Petraeus Discusses Troop Transition Options

WASHINGTON, Feb. 3, 2011 — As the start of the draw­down of U.S. troops from Afghanistan approach­es, Army Gen. David H. Petraeus, the senior com­man­der of U.S. and coali­tion forces there, said the tran­si­tion of forces could take a num­ber of forms.

“Pro­gres­sive­ly over time, obvi­ous­ly, we do want to reduce our num­bers in spe­cif­ic loca­tions based on con­di­tions, and then either rein­vest that tran­si­tion gain or div­i­dend in a con­tigu­ous area or in the train­ing mis­sion or ulti­mate­ly begin to send some of them home,” Petraeus said in a PBS “New­shour” inter­view from the Afghan cap­i­tal of Kab­ul that aired yesterday. 

Pres­i­dent Barack Oba­ma has direct­ed that U.S. troops begin tran­si­tion­ing out of Afghanistan in July. 

Afghan Pres­i­dent Hamid Karzai will receive a rec­om­men­da­tion around the end of Feb­ru­ary for the first areas that can tran­si­tion to Afghan respon­si­bil­i­ty for secu­ri­ty, Petraeus said. “We believe that there are some very viable can­di­dates for tran­si­tion that we will be able to iden­ti­fy,” he said, but he cau­tioned that a sud­den exo­dus of U.S. troops will not happen. 

“Clear­ly, a lot of this hinges on the abil­i­ty of Afghan forces to do more as we do pro­gres­sive­ly less,” the com­man­der said. “We’re not just going to say: ‘Tag, you’re it; we’re out of here.’ We’re going [to] thin out, not just hand off. We’ll stay, we’ll support.” 

Afghan army and police forces have sig­nif­i­cant­ly grown in num­ber over the past year, the gen­er­al said. “But it is because the recruit­ing has been so high,” he added, acknowl­edg­ing that attri­tion is still above what mil­i­tary offi­cials and Afghan gov­ern­ment min­istries would like to see.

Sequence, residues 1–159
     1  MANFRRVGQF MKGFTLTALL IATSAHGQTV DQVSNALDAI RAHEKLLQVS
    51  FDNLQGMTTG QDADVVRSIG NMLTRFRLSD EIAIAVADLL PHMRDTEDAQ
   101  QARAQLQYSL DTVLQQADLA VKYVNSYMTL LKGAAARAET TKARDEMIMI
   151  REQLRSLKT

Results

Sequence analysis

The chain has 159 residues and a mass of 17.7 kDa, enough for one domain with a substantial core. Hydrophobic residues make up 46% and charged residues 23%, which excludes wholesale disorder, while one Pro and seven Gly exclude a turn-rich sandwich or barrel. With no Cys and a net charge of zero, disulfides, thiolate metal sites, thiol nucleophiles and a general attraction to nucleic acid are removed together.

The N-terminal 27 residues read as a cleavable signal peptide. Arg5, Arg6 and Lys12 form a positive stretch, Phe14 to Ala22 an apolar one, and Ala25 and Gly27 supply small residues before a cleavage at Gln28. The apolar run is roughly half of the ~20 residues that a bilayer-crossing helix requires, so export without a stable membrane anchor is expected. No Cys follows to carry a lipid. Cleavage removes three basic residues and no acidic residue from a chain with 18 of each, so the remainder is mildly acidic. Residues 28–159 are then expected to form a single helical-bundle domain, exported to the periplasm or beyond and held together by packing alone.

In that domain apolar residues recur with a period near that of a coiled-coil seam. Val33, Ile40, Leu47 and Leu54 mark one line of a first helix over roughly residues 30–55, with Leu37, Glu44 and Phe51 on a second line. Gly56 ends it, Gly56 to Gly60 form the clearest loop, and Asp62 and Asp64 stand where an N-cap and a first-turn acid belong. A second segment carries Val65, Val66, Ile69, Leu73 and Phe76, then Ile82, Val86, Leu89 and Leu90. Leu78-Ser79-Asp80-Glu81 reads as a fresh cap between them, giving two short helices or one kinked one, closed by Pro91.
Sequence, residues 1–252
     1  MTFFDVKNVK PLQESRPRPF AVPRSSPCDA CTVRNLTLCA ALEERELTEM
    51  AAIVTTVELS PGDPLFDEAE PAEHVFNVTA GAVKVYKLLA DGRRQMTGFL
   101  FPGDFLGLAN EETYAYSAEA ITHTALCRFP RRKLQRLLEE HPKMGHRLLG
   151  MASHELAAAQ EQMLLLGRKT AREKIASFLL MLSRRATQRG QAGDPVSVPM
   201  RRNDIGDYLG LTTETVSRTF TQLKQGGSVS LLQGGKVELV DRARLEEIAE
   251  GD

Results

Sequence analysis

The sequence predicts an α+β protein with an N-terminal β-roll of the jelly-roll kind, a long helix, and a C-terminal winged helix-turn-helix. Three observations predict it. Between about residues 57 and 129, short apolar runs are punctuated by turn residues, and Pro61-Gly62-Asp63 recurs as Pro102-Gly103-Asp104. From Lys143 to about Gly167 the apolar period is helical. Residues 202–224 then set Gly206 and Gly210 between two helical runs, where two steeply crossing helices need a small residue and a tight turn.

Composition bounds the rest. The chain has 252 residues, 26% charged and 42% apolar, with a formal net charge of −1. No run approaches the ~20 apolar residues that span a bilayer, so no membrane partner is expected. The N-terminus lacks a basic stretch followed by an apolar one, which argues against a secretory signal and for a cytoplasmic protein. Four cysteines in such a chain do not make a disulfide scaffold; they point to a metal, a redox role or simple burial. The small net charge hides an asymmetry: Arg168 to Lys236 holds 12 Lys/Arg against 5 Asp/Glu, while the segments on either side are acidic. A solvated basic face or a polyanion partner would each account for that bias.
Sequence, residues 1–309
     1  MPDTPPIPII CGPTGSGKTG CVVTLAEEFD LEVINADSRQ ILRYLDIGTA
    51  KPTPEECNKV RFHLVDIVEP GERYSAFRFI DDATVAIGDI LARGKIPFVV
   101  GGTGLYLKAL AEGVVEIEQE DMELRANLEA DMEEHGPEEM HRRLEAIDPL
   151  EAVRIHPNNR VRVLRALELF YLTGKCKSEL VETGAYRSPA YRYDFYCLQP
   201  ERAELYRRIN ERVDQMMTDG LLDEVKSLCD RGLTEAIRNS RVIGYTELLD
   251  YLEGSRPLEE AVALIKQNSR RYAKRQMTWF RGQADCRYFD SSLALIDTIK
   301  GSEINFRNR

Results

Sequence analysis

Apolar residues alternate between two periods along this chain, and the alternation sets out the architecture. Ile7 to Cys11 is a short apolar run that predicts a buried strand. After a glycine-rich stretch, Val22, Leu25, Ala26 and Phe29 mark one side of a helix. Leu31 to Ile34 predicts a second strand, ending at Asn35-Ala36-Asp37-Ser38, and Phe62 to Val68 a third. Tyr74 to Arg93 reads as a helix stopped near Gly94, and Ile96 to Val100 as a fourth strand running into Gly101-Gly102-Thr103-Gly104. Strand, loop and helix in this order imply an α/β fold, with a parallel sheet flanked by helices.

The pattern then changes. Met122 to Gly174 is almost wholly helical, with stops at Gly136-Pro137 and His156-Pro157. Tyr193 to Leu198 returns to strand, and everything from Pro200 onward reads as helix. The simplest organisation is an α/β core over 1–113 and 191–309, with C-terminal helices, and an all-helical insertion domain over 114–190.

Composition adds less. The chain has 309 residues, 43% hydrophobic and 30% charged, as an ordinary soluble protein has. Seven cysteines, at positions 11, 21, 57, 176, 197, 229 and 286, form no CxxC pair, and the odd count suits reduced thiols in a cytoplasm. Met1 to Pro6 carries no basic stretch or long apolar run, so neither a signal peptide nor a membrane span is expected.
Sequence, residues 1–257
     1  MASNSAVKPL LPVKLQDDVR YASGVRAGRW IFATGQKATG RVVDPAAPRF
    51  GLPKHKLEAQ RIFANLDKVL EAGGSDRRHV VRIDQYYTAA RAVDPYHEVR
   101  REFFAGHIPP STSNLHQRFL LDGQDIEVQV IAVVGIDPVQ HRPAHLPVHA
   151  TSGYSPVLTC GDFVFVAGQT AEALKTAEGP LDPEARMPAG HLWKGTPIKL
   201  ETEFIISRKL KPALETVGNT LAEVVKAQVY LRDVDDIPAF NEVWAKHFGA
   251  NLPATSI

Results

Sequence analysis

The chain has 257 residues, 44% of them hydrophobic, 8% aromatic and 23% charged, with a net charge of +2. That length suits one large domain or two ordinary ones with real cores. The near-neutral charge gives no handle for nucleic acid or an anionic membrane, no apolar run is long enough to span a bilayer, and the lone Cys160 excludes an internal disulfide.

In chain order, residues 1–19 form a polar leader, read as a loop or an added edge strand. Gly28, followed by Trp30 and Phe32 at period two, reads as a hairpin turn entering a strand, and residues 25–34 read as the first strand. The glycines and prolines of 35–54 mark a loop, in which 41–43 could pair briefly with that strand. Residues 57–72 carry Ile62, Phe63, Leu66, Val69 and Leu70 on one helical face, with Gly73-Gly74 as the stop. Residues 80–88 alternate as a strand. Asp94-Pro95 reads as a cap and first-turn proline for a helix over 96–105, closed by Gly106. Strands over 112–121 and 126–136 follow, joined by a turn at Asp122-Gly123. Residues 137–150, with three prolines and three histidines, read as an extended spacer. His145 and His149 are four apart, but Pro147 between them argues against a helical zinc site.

Petraeus said all the “inputs” for suc­cess in Afghanistan -– 70,000 new Afghan army and police recruits, 30,000 addi­tion­al U.S. forces and 10,000 more coali­tion forces, and the stand-up of orga­ni­za­tions need­ed to con­duct a com­pre­hen­sive civ­il-mil­i­tary cam­paign –- just came togeth­er in the fall. 

“And even as we were get­ting the inputs right, [we] of course used them to achieve out­puts in the form of tak­ing away impor­tant safe havens from the Tal­iban — the areas around Kab­ul, on the doorstep of Kan­da­har and cen­tral Hel­mand province and so forth,” he said. 

Petraeus said his forces now are work­ing to solid­i­fy and expand their hold on those areas before the spring fight­ing sea­son begins.

“We’re work­ing right now on con­nect­ing the Kan­da­har secu­ri­ty bub­ble and the Hel­mand secu­ri­ty bub­ble,” he said. 

Pak­istan has aid­ed the region­al secu­ri­ty effort against the Tal­iban with­in regions of its own coun­try and along the bor­der with Afghanistan, the gen­er­al said. 

“There’s a good, coop­er­a­tive effort with Pak­istan in terms of coor­di­nat­ing activ­i­ties on either side of the Durand Line — the bor­der between the two coun­tries,” he said. 

Pak­istan also has con­duct­ed “quite impres­sive” oper­a­tions over the past two years, first in the Swat Val­ley and then in the fed­er­al­ly admin­is­tered trib­al areas, he said. 

“[Pak­ista­nis are] the first to note that there is more work that needs to be done,” Petraeus added, “not only against those that threat­en them, but also against groups that threat­en their neigh­bors and, indeed, threat­en the rest of the world.” 

Petraeus also addressed the coalition’s efforts to counter corruption. 

“We’re work­ing very close­ly with our civil­ian part­ners from the U.S. Embassy, from [the U.S. Agency for Inter­na­tion­al Devel­op­ment] and, indeed, more broad­ly speak­ing, the inter­na­tion­al com­mu­ni­ty to address those issues,” he said. 

Petraeus said he has issued spe­cif­ic guid­ance to keep con­tract­ing dol­lars out of chan­nels where they can fund insurgency. 

“If the coun­terin­sur­gency guid­ance says that mon­ey is ammu­ni­tion — and it does — the con­tract­ing guid­ance should say, ‘If mon­ey is ammu­ni­tion, we need to put it in the right hands and make sure it does­n’t go into the wrong hands,’ ” he said. 

U.S. Depart­ment of Defense
Office of the Assis­tant Sec­re­tary of Defense (Pub­lic Affairs) 

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